Student quizzes assistant police and crime commissioner on knife crime
University of Wolverhampton student, Angely Khan, spoke exclusively to Assistant Police & Crime Commissioner Ashley Bertie about the escalating problem of knife crime on the city's streets and asked him what his team intended to do about it.
Angely originally approached the Commissioner's office for answers as part of her own investigation into the use of guns and knives; which formed part of her Investigative Journalism research in the final year of her undergraduate Multimedia Journalism degree in the Wolverhampton School of Art.
During her hour long meeting with Assistant Commisioner Bertie, he said that knife crime was a national issue which wasn't unique to the West Midlands and he felt that communities needed to be better educated on the dangers of carrying a weapon and the tragic consequences that often arose when youngsters opted to do so.
After the meeting Angely reported that the youngest Assistant Commissioner in the UK was incredibly well informed about the local picture for Wolverhampton and Birmingham. He was particularly interested in her perspective as a young person trying to improve the situation for others locally. A short video taster from Angely's interview is available below.
She said: "He was really interested in my questions and personal concerns and had compelling answers about the relevance of policing levels, educational exclusion policies and a climate of fear amongst young people around both religious hatred and racism on our streets. It's really great to have his input and guidance for my final year studies. The hour flew by really quickly but he made time to discuss things with me - He made a lot of sense."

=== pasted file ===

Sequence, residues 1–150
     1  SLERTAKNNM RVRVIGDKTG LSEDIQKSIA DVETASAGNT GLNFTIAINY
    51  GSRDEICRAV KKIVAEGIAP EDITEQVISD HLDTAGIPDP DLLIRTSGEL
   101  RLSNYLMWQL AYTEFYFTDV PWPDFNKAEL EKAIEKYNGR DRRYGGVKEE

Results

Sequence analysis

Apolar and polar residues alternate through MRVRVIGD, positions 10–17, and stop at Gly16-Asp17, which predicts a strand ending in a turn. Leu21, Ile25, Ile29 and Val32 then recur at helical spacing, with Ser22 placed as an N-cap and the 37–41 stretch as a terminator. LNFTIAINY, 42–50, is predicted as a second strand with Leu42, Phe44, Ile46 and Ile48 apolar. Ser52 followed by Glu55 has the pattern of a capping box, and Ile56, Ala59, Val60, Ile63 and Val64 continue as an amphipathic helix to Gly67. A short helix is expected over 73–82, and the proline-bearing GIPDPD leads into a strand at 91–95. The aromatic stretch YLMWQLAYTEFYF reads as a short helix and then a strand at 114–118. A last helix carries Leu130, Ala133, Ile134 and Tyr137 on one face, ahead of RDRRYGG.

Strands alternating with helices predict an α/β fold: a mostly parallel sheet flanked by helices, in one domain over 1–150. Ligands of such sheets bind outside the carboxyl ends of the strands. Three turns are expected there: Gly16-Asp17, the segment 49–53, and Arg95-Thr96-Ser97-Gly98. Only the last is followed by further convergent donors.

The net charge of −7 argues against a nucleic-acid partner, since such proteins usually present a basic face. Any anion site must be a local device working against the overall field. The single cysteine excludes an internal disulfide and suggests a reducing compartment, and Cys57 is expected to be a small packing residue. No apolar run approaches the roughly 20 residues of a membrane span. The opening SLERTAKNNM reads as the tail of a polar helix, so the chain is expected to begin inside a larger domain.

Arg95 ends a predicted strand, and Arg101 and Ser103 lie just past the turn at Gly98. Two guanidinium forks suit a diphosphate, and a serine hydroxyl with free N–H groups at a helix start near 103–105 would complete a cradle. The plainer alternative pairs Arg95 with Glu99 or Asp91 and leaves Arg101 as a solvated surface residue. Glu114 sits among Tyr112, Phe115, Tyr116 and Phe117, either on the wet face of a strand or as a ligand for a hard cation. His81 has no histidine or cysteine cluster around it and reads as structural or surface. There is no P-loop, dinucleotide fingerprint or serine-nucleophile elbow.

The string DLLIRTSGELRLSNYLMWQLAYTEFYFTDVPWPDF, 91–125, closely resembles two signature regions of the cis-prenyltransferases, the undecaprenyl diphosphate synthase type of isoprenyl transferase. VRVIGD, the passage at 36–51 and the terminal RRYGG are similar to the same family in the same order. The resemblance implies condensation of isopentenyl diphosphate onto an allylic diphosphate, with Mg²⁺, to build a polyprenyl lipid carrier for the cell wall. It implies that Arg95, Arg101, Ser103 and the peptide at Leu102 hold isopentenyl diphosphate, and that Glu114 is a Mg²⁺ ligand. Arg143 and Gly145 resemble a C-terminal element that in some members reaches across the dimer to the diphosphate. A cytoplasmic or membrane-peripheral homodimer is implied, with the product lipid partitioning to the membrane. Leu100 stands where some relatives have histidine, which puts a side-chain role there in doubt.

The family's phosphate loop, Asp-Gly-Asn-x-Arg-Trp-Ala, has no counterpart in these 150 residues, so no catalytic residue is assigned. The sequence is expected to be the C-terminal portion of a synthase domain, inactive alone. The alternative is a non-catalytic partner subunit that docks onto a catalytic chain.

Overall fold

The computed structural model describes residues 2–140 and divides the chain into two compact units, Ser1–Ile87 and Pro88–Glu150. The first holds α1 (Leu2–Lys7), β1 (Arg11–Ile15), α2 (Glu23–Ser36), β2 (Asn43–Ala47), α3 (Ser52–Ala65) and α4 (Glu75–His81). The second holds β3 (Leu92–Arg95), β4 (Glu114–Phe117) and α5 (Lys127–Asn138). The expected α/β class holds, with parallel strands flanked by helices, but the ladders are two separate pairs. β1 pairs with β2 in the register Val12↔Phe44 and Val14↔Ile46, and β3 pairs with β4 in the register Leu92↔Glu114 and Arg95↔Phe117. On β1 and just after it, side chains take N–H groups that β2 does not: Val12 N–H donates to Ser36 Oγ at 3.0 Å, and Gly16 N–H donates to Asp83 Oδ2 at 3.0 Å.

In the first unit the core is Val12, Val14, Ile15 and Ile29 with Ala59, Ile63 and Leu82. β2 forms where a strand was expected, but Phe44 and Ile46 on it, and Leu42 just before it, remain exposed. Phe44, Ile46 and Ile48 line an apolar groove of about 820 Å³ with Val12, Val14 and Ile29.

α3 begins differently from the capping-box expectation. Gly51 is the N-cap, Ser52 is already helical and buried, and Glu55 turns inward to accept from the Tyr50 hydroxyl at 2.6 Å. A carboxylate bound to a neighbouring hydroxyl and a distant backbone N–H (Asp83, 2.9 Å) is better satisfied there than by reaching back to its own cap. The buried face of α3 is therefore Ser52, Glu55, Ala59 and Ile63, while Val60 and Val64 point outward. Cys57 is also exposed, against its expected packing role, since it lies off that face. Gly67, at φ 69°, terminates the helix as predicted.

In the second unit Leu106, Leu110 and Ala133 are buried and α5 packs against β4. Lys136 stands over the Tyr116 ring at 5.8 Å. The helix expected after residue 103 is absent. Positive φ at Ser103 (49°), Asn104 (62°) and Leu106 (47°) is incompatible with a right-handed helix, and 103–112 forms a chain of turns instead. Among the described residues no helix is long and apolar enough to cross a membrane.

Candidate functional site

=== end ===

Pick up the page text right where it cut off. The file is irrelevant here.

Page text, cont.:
At just 26, Assistant Commissioner Bertie is described as 'one of the brightest talents in West Midlands politics and policing' according to colleagues at West Midlands Police where he leads a Gangs & Violence Commission, all part of his passion for transparency, intelligence-led policing and fostering positive relations between the police and young people.
Senior Lecturer at the University, Jules McCarthy, said: "This is a great example of how our journalism students reach out to make a difference in the communities they represent. Angely is a determined and capable young journalist who knows how to ask the right questions of those in positions of power, so that they can help her report a situation holistically. She's certainly one to watch after graduation."
Investigative Journalism is just one digital module offered by the Multimedia Journalism course run from the University's City Campus. The course also includes multiplatform modules covering Radio, TV, Online and social media reporting skills. Anyone interested in studying at the Wolverhampton School of Art should register for the next Open Day on Saturday 15th June 2019.
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